It has leather on the inside of the hand, which I prefer (as opposed to the Neet Suede Shooting Glove, which I discuss next---that glove does not have leather on the inside of the hand, and some people prefer that), and it's reversible, so you can use it if you're left-handed or right-handed.
Lastly---this glove is good for bows up to 50 pounds. Anything more than that, and you may want to use...
The Neet Suede Shooting Glove
The Neet Suede Shooting Glove is another super-popular option, and many people would argue this is the best archery glove you're going to find. So let's take a look.
This glove provides solid protection, but it has much less material than the Damascus. Here's why that's relevant:
As I mentioned in the Damascus write-up, there are generally two types of shooting gloves: gloves that have material (usually leather) on the inside of the palm, and gloves that have no material on the inside of the palm. The Neet glove is one that has no material on the palm, and some people prefer that, because it means your fingers are less likely to sweat inside the glove. If you tend to sweat a lot, and you think perspiration may mess with your shot, a glove with less material may be a good choice for you.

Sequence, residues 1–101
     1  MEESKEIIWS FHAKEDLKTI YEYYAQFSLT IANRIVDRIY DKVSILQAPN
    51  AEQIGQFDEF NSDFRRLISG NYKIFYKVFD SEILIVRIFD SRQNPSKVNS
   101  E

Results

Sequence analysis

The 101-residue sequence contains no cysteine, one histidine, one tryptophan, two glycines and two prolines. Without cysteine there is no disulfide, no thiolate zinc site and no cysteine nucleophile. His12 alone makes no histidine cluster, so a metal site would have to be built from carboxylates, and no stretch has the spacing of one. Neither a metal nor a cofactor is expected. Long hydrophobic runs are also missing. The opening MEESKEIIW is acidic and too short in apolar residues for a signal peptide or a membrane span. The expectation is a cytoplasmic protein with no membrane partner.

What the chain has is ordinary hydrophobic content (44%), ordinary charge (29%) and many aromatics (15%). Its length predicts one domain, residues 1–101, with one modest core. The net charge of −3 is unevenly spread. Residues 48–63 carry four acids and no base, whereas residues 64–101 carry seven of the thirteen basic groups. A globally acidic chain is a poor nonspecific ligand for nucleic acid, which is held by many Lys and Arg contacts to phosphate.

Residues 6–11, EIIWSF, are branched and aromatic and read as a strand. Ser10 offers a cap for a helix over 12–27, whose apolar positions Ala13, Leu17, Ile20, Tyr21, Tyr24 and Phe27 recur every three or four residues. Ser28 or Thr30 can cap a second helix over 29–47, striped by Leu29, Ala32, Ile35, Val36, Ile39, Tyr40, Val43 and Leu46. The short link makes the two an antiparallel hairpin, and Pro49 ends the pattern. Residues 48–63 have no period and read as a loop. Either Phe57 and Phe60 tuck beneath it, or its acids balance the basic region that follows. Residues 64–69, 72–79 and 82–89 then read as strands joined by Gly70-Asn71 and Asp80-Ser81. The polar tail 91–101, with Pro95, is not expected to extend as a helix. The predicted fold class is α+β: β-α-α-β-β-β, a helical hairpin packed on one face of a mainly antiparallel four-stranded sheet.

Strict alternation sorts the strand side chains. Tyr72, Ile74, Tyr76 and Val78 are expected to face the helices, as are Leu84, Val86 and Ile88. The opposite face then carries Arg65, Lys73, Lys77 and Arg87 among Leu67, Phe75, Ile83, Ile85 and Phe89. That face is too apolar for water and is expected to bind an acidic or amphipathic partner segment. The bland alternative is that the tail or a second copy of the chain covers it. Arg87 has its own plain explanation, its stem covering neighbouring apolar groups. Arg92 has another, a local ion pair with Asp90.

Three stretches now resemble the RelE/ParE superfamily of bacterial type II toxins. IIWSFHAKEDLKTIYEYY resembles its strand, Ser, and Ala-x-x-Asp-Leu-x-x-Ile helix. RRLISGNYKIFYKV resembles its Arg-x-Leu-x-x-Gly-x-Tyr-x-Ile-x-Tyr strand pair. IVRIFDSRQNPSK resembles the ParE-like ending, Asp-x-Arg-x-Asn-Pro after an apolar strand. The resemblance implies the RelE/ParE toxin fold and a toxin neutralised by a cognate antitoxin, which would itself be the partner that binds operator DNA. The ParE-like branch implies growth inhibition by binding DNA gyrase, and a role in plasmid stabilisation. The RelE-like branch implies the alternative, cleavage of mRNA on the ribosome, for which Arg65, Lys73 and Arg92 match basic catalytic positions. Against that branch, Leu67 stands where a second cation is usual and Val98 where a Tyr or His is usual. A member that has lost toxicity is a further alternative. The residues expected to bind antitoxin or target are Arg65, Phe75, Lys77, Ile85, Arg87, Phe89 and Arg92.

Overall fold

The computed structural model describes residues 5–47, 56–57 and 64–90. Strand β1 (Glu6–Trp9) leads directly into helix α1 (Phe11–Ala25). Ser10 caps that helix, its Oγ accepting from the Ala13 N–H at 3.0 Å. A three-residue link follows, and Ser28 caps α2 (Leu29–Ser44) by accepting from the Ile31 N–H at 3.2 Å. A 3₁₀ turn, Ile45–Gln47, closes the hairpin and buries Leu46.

Plus, it's easier to take off your fingers very quickly, if you need to remove the glove in a hurry. Some people hate being tied into a glove if they like to take notes or write things down between ends.
As for draw weight---this is a little bit stronger than the Damascus, so you should be able to use a bow up to 60 pounds without experiencing too much wear and tear. The glove is made out of suede, which is technically leather, but it's a lot softer---it has a "shaggy nap." Some people don't like suede, so if you're looking for a similar style glove that only covers the finger tips, you'll probably like the Pellor glove, which I talk about next.